If you are considering booking a consultation with a nutritionist, you may be wondering about the procedure – you may even be feeling nervous and apprehensive.
This article, written by a qualified nutritionist, is designed to reassure you that working with a nutritionist is nothing to be nervous about, and to also reassure you that whatever issues you are wanting support with, your nutritionist will very likely have helped other people with similar things.
The procedure will begin with you looking for a nutritionist, and the good news is that nutritionists are now common in all areas. However, with the rise of the Internet, you don’t have to limit yourself to finding a local nutritionist – many, including myself, offer consultations by telephone and eMail and these can be a great way to fit a consultation into your busy life at your own convenience.
Once you have chosen a nutritionist to work with, you will book an initial consultation. This consultation, whether in person, by eMail or by telephone, will be a fact-finding appointment. Some nutritionists will send a questionnaire out to you before the consultation, but I prefer to complete the questionnaire while speaking to the client – this allows me to get a sense of the areas we need to focus on as well as identify any emotional areas that may need to be addressed before the practical nutritional advice can work.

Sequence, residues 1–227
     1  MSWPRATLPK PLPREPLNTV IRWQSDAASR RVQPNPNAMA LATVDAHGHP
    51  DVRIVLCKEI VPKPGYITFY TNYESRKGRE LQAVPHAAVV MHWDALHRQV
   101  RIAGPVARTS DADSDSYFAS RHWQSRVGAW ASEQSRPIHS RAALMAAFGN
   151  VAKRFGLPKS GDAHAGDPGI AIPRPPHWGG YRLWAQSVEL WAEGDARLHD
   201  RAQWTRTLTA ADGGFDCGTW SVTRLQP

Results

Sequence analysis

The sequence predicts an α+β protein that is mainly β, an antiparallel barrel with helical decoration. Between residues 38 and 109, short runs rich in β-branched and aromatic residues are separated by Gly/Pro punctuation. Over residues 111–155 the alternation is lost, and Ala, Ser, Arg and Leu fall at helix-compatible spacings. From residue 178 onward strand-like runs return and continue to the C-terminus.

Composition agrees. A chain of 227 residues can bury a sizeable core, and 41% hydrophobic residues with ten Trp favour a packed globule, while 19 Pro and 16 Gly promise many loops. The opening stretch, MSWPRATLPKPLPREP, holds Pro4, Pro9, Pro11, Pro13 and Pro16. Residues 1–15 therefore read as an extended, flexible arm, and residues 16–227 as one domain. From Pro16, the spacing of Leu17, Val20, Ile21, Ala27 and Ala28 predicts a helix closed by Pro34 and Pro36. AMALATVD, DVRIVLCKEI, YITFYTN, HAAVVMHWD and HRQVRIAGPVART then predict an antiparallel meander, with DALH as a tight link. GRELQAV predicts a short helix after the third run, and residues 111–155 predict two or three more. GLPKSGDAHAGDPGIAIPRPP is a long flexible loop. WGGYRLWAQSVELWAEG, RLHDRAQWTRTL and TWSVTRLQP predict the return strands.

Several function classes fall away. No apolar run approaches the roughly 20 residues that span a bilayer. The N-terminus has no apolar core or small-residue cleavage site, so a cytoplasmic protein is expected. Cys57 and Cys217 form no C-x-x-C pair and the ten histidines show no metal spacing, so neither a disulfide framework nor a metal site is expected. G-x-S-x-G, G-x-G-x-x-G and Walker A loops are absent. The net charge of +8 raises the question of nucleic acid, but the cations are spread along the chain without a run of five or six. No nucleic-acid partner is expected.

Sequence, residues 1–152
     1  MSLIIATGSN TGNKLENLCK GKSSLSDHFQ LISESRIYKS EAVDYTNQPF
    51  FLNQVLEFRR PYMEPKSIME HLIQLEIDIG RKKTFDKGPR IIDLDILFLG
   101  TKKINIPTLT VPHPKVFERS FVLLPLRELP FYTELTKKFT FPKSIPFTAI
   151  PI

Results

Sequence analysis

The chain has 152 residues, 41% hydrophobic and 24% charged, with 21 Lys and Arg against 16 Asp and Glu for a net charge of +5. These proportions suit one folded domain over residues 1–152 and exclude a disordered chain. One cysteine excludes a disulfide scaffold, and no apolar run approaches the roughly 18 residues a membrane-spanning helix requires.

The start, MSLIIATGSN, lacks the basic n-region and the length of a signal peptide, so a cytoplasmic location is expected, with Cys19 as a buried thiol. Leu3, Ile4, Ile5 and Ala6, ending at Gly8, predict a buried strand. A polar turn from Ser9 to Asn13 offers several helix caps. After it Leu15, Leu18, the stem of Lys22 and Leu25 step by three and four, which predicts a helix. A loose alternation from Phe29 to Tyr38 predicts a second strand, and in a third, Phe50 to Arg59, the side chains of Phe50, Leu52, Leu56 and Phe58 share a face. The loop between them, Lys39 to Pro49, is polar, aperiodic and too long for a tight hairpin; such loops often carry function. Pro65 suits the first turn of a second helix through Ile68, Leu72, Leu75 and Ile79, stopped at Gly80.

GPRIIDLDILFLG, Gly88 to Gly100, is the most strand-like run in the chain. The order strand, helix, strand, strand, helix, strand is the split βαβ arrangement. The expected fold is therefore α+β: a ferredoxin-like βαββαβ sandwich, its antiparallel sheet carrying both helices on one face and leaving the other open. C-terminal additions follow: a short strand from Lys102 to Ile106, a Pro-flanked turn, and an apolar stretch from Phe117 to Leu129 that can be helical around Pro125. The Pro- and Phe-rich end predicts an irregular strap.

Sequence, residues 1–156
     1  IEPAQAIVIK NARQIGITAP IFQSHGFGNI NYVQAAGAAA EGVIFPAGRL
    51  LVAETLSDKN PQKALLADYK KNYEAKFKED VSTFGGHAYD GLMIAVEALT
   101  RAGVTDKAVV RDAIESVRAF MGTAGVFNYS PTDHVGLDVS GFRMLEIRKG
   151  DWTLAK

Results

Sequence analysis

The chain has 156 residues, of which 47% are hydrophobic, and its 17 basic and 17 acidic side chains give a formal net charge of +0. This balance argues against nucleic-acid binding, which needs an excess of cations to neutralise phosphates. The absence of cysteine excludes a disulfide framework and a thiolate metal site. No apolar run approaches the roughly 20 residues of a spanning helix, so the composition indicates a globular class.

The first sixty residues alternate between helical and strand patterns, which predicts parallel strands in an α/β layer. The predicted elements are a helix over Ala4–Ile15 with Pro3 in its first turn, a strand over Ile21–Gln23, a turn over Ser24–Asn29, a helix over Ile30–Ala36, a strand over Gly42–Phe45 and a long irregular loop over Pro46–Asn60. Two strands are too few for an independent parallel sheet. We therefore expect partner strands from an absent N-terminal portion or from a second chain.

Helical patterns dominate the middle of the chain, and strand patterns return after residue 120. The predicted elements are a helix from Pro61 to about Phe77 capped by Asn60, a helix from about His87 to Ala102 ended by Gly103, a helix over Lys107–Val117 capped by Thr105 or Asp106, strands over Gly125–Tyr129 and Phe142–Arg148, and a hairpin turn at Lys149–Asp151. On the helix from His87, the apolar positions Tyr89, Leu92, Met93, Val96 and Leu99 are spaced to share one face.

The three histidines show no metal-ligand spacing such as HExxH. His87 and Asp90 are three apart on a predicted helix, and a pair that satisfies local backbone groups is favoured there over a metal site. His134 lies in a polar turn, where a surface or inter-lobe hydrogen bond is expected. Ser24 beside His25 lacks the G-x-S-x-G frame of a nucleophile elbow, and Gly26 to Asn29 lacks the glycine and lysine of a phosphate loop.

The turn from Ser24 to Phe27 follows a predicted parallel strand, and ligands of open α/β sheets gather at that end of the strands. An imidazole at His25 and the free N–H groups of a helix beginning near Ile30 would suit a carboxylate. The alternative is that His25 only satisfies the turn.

The initial consultation should last around an hour, but you should not be rushed. Your nutritionist should allow for extra time in their schedule. Food can be an incredibly emotional subject, and it is likely that your initial appointment will involve revisiting memories from childhood and discussing attachments to particular food – to have this kind of very personal experience rushed is not helpful for your relationship.
Following this appointment, the practitioner will review all of the information you have given – so it is very important to be completely honest and as detailed as possible. All the information you share will be completely confidential, apart from rare cases where a client who is a child may report incidences of abuse, which the practitioner is of course required to pass on to the relevant authorities.
The nutritionist will prepare a full report detailing their recommendations for you, these will be completely customised – you should not receive any stock or standard advice. This will include recommendations for diet changes (it may or may not include a specific meal plan) and supplements.
You should arrange follow-up appointments; how regular these are will depend on your exact needs.